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  • Social cognition in TD author accepted Aug 2018

    Rights statement: https://www.cambridge.org/core/journals/the-british-journal-of-psychiatry/article/disorganisation-thought-disorder-and-sociocognitive-functioning-in-schizophrenia-spectrum-disorders/69C41BD540C549C9A4E1E1E2C41900DD The final, definitive version of this article has been published in the Journal, British Journal of Psychiatry, 214 (2), pp103-112 2019, © 2019 Cambridge University Press.

    Accepted author manuscript, 4.58 MB, PDF document

    Available under license: CC BY-NC: Creative Commons Attribution-NonCommercial 4.0 International License

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Disorganisation, thought disorder and sociocognitive functioning in schizophrenia spectrum disorders

Research output: Contribution to journalJournal article

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<mark>Journal publication date</mark>02/2019
<mark>Journal</mark>British Journal of Psychiatry
Issue number2
Volume214
Number of pages10
Pages (from-to)103-112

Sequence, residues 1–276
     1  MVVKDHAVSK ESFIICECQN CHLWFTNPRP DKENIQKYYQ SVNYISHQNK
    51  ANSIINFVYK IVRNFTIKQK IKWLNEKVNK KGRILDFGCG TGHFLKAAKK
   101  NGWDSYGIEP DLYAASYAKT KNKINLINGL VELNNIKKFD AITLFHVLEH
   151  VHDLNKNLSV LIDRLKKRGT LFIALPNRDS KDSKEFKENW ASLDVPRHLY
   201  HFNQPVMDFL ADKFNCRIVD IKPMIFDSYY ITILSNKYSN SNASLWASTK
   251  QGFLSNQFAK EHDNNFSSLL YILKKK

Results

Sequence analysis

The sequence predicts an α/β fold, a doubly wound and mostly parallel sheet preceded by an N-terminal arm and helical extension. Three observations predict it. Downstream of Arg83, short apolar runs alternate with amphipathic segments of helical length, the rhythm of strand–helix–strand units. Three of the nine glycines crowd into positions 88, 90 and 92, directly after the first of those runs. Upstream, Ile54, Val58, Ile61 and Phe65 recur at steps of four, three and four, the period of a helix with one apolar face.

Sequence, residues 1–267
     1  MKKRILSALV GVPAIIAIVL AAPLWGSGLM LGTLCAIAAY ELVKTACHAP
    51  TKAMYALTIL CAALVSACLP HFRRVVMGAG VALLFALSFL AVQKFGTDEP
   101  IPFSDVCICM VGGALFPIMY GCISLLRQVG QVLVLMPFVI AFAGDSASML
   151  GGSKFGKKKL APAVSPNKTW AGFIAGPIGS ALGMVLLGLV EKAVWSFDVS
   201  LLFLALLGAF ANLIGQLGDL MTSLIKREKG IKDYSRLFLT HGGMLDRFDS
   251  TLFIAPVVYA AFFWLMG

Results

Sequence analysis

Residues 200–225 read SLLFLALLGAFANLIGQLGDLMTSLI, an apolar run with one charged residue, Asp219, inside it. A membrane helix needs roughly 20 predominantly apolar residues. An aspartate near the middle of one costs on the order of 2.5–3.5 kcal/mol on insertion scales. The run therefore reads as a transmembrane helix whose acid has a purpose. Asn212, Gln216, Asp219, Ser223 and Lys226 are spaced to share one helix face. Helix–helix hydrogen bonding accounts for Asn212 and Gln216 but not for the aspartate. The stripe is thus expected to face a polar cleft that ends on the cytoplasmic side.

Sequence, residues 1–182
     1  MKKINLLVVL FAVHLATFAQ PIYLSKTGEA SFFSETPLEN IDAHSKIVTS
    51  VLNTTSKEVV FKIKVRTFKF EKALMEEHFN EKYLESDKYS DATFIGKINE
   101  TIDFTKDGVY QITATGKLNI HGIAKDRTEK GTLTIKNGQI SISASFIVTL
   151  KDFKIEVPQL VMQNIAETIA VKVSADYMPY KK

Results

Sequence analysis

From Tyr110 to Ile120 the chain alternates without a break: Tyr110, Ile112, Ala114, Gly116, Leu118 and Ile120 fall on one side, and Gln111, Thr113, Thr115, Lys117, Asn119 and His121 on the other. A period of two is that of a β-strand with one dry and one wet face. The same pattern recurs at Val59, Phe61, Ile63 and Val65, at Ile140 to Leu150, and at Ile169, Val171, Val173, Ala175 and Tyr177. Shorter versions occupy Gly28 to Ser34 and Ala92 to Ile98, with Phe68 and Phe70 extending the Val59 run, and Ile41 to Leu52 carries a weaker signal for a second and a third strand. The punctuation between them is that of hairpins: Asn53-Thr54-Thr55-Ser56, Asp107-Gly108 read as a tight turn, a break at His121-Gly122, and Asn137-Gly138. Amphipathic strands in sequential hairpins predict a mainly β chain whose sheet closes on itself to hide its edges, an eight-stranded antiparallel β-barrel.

Publication statusPublished
Early online date24/08/18
Original languageEnglish

Abstract

Background
Poor social cognition is prevalent in schizophrenia spectrum disorders. Some authors argue that these effects are symptom-specific and that socio-cognitive difficulties (e.g. theory of mind) are strongly associated with thought disorder and symptoms of disorganisation.

Aims
The current review tests the strength of this association.

Method
We meta-analysed studies published between 1980 and 2016 that tested the association between social cognition and these symptoms in schizophrenia spectrum disorders.

Results
Our search (PsycINFO, MEDLINE and Web of Science) identified 123 studies (N = 9107). Overall effect size as r = −0.313, indicating a moderate association between symptoms and social cognition. Subanalyses yielded a moderate association between symptoms and theory of mind (r = −0.349) and emotion recognition (r = −0.334), but smaller effect sizes for social perception (r = −0.188), emotion regulation (r = −0.169) and attributional biases (r = −0.143).

Conclusions
The association is interpreted within models of communication that highlight the importance of mentalisation and processing of partner-specific cues in conversational alignment and grounding.

Bibliographic note

https://www.cambridge.org/core/journals/the-british-journal-of-psychiatry/article/disorganisation-thought-disorder-and-sociocognitive-functioning-in-schizophrenia-spectrum-disorders/69C41BD540C549C9A4E1E1E2C41900DD The final, definitive version of this article has been published in the Journal, British Journal of Psychiatry, 214 (2), pp103-112 2019, © 2019 Cambridge University Press.